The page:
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Sunday, December 16, 2012

"Misa de Gallo" or "Simbang Gabi" and "Noche Buena" in the Philippines and Elsewhere

Good Sunday, everyone! Rejoice and be glad, amidst the trials and tribulations we have in life. (I know, it seems unbelievable and is just a wishful thinking, maybe. But, life has to go on...Hang in there and have faith, my dear folks and friends. Let's pray...) All we wish for, at this time, is that elusive "Peace on Earth, Goodwill to All Men!" We'll surely have it when the Son of God will, once again, dwell among us soon! Hence, let's pave the way for His coming! Sooner, we'll be singing, "Joy to the World, the Lord has come!" (Actually, while I'm writing this blog post, I'm already listening to my favorite Christmas carols.)

I'd like to take this opportunity to discuss or talk/write about this tradition in the Philippines where I originally came from prior to emigrating to the United States of America in early 1980s. Heard of "Simbang Gabi" or "Misa de Gallo" before?  Yes? No? Well, let me tell you something about it then.

In preparation for (commemoration of) Christ's birth, folks in the Philippines, and elsewhere now, attend the so-called "Simbang Gabi." This is a series of dawn Masses that start today, December 16, each year. It's basically a nine-day novena of Masses that will culminate in the Midnight Mass on Christmas Eve.

(I feel the nostalgia now because each time December 16 arrives, I remember my childhood days with my family and friends and neighbors back then when we start attending the dawn masses. So devoted we were that we have had that devotion, passion, enthusiasm, and perseverance to complete the nine day masses. Mind you, how long the distances we, as a community or a big group, have to walk from our barrio or barangay to St. Paul's Metropolitan Cathedral in Vigan City (Ilocos Sur) and back home afterwards. Five to ten miles? Young as we were, we never felt so tired of walking to and from the church. With that innocent faith that has been ingrained in us, we were so full of vitality and strength, and stamina! On the way home, by barangay Cuta, we always bought freshly-baked, buttery rice cakes. They're so good and yummy! And, by the time we reach home, we're so full and ready for the day's work, whatever chores or activities we have had in store for us! What a wonderful feeling to reminisce those moments with family members, folks, and friends, and neighbors sharing the same faith and tradition!)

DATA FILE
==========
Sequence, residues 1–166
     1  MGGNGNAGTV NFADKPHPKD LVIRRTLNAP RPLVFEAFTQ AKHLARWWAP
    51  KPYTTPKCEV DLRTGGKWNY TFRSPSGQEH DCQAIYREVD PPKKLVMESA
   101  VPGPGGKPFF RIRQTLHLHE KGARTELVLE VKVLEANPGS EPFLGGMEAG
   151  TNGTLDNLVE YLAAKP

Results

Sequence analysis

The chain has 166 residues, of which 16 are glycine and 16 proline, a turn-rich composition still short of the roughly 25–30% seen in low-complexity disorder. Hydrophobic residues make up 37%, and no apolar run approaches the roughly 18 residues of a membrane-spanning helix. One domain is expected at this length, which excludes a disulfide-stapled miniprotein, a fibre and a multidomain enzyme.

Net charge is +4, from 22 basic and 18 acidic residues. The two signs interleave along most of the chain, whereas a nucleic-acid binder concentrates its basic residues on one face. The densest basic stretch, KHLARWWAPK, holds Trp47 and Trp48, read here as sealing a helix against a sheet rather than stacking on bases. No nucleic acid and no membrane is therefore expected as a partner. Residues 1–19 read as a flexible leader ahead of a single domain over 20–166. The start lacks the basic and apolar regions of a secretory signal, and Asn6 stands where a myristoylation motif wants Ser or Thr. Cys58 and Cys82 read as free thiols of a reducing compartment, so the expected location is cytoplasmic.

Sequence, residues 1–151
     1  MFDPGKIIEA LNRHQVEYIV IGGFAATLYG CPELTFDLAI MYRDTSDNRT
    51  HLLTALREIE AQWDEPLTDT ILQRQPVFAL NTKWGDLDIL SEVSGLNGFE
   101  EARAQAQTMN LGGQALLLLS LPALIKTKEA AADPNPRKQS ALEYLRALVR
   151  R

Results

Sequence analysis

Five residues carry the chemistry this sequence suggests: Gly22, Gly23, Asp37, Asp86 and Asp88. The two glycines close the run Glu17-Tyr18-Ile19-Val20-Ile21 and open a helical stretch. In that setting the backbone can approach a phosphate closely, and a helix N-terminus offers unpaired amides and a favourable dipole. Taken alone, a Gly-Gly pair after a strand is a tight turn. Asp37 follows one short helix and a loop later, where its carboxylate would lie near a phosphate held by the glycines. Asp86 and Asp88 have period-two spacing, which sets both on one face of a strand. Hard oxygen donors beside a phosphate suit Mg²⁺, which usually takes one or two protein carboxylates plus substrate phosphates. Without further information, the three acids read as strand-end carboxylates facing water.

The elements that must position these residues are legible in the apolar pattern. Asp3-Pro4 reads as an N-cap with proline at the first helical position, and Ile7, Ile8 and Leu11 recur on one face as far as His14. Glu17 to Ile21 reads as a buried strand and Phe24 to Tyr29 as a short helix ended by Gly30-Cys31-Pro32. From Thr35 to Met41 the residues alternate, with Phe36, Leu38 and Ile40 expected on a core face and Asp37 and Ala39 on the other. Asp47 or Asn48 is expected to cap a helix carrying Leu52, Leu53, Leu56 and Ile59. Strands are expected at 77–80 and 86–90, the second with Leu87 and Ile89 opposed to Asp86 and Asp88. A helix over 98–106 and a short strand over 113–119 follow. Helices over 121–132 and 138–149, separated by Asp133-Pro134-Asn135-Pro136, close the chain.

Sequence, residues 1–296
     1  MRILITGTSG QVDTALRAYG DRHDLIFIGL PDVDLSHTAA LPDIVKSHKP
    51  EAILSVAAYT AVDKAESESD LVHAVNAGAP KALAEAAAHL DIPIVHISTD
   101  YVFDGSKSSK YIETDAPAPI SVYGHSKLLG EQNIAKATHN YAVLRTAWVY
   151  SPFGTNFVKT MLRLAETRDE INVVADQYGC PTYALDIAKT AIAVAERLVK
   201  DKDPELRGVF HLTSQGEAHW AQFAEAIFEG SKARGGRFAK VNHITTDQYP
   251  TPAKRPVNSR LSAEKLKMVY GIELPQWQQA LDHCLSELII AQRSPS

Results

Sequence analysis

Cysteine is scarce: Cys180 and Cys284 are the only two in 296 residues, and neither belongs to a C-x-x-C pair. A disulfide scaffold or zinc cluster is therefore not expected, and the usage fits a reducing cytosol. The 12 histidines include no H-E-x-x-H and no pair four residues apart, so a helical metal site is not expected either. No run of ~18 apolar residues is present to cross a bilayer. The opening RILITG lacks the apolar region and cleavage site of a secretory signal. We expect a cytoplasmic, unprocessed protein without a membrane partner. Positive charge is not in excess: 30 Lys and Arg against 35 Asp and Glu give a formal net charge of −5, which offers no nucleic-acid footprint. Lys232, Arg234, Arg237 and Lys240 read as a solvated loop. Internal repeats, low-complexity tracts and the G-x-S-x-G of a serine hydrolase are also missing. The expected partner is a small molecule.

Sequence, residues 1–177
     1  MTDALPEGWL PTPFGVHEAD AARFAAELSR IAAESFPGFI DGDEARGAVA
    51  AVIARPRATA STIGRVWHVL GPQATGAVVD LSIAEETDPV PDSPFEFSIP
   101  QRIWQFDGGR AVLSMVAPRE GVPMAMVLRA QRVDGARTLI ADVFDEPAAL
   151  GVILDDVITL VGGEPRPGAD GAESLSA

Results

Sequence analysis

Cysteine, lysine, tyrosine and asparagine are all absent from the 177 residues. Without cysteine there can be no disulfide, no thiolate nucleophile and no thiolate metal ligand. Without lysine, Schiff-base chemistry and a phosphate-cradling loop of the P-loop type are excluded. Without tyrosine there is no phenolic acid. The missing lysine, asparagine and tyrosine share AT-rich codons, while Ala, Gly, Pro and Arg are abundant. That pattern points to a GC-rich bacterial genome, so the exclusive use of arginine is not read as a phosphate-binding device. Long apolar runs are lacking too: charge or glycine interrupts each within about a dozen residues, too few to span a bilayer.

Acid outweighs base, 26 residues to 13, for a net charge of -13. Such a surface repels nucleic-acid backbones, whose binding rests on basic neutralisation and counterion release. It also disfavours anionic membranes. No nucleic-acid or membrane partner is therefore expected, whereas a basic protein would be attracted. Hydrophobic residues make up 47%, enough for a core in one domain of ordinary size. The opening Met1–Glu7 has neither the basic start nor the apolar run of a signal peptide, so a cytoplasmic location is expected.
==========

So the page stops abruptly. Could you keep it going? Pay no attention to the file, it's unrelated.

As we know from history, the Philippines was colonized by Spain for over three centuries. Yes, over three hundred years! What an influence they've had, notably the Christian religion or Christianity, specifically Catholicism! Thus, in the 16th century, Christmas was introduced to the Filipinos. Eventually they began celebrating the novena with morning Mass to "give thanks for the harvest and hope for a good year to come." Now, a compromise was made to accommodate the farmers who have wanted to participate in the church worship. Masses, therefore , were held earlier in the morning. That's why we have what we call dawn masses, or Misa de Gallo (the Mass of the Rooster).

Traditionally, ringing of church bells start at three in the morning to wake up the devoted churchgoers. Other places in the Philippines, you see or hear musical band playing Christmas songs and carols for the townsfolk. While mass is going on, there are those local bakers-vendors having stalls near the church, getting ready with their various sweet, glutinous delicacies, newly-baked, buttery/sugary rice cakes or "bibingka" and "puto bumbong"  with grated coconut and/or brown sugar, for those churchgoers. And, as always, after the Mass, there's this cordial exchanges of greetings of folks, friends and relatives, neighbors as they walk out of the church feeling holy and contented.